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dc.contributor.authorKirk, H.
dc.date.accessioned2020-01-10T14:52:16Z
dc.date.available2020-01-10T14:52:16Z
dc.date.issued2019-11-18
dc.identifier.otherCWPE1995
dc.identifier.urihttps://www.repository.cam.ac.uk/handle/1810/300743
dc.description.abstractThis paper investigates the relative role of religion in trust networks and proposes a model of the interaction between material payoffs and norm-dependent utility, permitting cooperative equilibria. Four influences on decision-making - believing in religion, stereotyping, belonging to a group, and priming - are tested in the laboratory, using an adapted trust game. The experimental design builds on a classic trust game but reveals characteristics of Responders and Proposers in multiple rounds, better aligning with societal interactions where both parties condition actions and reactions on available information. Religious individuals are both more trusting and trusted; stereotyped trust is a rational strategy. A Cambridge University sample provides unique collegiate affiliation confirming that dense secular networks equally but less intensely promote trust.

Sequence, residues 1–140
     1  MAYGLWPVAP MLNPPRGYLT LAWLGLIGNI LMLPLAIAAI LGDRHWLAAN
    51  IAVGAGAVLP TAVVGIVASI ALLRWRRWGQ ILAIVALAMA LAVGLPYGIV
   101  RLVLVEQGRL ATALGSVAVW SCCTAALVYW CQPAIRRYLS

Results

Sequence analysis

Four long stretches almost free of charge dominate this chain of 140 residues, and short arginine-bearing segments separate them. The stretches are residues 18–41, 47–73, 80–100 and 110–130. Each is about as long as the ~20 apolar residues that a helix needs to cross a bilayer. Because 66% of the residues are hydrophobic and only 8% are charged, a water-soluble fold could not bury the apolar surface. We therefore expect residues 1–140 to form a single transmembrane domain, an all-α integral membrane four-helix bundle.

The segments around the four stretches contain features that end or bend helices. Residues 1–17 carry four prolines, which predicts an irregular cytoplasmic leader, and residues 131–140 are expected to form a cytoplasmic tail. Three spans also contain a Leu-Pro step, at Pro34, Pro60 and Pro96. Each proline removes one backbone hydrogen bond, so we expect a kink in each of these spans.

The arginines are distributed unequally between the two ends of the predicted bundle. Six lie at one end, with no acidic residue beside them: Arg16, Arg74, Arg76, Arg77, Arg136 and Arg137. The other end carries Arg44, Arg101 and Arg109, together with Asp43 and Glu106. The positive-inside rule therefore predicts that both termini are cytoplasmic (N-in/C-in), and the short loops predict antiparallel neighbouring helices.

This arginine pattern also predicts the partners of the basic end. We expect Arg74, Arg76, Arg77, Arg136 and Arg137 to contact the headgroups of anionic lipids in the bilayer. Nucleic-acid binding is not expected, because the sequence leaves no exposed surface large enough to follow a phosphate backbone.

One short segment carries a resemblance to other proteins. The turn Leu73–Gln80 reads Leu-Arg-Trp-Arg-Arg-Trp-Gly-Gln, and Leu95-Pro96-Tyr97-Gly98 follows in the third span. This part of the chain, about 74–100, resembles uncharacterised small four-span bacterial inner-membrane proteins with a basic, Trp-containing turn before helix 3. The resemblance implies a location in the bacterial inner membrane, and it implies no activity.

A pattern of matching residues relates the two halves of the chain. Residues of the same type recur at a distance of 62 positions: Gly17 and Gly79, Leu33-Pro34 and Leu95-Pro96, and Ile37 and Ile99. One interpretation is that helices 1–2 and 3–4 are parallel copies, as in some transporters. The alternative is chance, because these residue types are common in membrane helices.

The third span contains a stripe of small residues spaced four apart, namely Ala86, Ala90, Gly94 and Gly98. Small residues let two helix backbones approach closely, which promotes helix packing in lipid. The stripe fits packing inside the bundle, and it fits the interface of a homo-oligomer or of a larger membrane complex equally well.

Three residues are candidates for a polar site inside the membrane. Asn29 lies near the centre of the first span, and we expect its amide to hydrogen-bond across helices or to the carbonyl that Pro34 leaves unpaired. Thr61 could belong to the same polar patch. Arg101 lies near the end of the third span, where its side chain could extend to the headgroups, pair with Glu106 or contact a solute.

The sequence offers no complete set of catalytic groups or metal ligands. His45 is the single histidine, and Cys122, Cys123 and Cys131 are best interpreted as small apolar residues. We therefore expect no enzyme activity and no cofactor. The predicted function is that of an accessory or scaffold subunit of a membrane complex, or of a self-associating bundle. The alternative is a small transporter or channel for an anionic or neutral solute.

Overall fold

dc.relation.ispartofseriesCambridge Working Papers in Economics
dc.rightsAll Rights Reserved
dc.rights.urihttp://www.rioxx.net/licenses/all-rights-reserved/
dc.subjectDecision-Making
dc.subjectTrust
dc.subjectReciprocity
dc.subjectDesign of Experiments
dc.subjectGroup Affiliation
dc.titleCooperation and Creed: An Experimental Study of Religious Affiliation in Strategic and Societal Interactions
dc.typeWorking Paper
dc.identifier.doi10.17863/CAM.47816


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